The positioning of the patient requires an adequate surgical table capable of safely bearing the weight and must also be capable of changing position during the procedure. We must pay especially close attention to the pressure areas, since due to the patient's weight, there is a greater risk of ischemic, vein, and nervous injuries.
The patient is placed supine with abducted legs; right upper member abducted and left upper arm along side the body. The anesthesiologist is at the patient's head.
The laparoscopy monitor should be placed to the right of the patient, next to the head of the table.
The surgery is divided into three distinctive stages. In the first stage, the surgical table is placed in a moderate reverse Trendelenburg. During this stage, the surgeon stands between the legs of the patient. The first assistant, who also operates the camera, is placed to the left of the surgeon, the second assistant on the right, and the scrub nurse holder next to the second assistant (Figure 28–2).
Positioning of the team during the first and third stages of the surgery.
During the second stage of the surgery, the table is placed in moderate Trendelenburg. The laparoscopy monitor is moved toward the trunk of the patient; the surgeon is at the left of the patient, close to the patient's shoulder, having the first assistant to his left. The second assistant should be placed to the right of the patient (Figure 28–3).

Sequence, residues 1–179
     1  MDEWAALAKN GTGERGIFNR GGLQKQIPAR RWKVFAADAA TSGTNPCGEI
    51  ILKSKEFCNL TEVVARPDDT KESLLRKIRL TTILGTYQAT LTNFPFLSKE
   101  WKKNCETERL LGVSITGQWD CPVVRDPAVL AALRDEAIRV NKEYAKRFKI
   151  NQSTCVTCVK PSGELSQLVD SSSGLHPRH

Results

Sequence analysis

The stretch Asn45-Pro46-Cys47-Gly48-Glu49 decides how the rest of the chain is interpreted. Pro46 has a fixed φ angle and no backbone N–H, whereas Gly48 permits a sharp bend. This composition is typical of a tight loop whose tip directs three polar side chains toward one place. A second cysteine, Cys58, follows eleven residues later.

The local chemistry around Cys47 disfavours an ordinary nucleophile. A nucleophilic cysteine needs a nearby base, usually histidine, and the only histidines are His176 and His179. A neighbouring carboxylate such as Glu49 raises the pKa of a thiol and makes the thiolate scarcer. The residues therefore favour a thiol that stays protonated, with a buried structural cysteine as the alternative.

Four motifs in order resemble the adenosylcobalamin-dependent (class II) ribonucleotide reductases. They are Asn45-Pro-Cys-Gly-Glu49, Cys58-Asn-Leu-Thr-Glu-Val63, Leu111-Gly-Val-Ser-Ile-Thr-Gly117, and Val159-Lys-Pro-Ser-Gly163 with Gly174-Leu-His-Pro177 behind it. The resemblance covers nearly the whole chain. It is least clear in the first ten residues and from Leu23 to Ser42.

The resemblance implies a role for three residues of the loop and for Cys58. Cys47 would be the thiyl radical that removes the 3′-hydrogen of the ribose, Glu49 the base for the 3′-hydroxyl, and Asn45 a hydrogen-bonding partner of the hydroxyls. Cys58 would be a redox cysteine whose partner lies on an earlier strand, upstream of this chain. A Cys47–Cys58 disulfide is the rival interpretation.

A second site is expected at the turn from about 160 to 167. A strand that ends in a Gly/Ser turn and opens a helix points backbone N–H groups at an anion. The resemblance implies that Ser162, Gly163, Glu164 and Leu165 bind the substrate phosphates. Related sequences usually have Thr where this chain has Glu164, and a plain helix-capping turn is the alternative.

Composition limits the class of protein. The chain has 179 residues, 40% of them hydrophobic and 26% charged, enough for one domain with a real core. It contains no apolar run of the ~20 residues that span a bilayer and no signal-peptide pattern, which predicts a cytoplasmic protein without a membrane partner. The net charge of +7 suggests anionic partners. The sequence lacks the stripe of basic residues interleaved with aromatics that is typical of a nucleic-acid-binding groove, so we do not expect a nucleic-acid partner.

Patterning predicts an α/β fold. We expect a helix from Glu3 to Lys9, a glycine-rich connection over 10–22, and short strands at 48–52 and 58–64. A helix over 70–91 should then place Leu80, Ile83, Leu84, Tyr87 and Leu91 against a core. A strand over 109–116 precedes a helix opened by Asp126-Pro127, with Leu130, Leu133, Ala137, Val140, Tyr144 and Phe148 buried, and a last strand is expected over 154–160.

Positioning of the team during the second stage.
During the third and last stage of the surgery, the whole team should return to the start position.
Positioning of the Trocars
The pneumoperitoneum is done using the Veress needle into the left upper quadrant, close to the costal margin, at the level of the mid-clavicular line. CO2 pressure should be maintained at 15 mm/Hg during the procedure.
A total of six6 trocars are used (Figure 28–4):
- Trocar 1 (10 mm) is introduced in the midline, supraumbilically and about 20 cm below the xiphoid process. In morbidly obese patients, the umbilical scar should never be used as an anatomic point of reference for the introduction of the trocars.
- Trocar 2 (12 mm) is positioned on the outer border of the left abdominal rectus close to the costal margin, at the level of the mid-clavicular line.
- Trocar 3 (10 mm) is introduced close to the xiphoid process.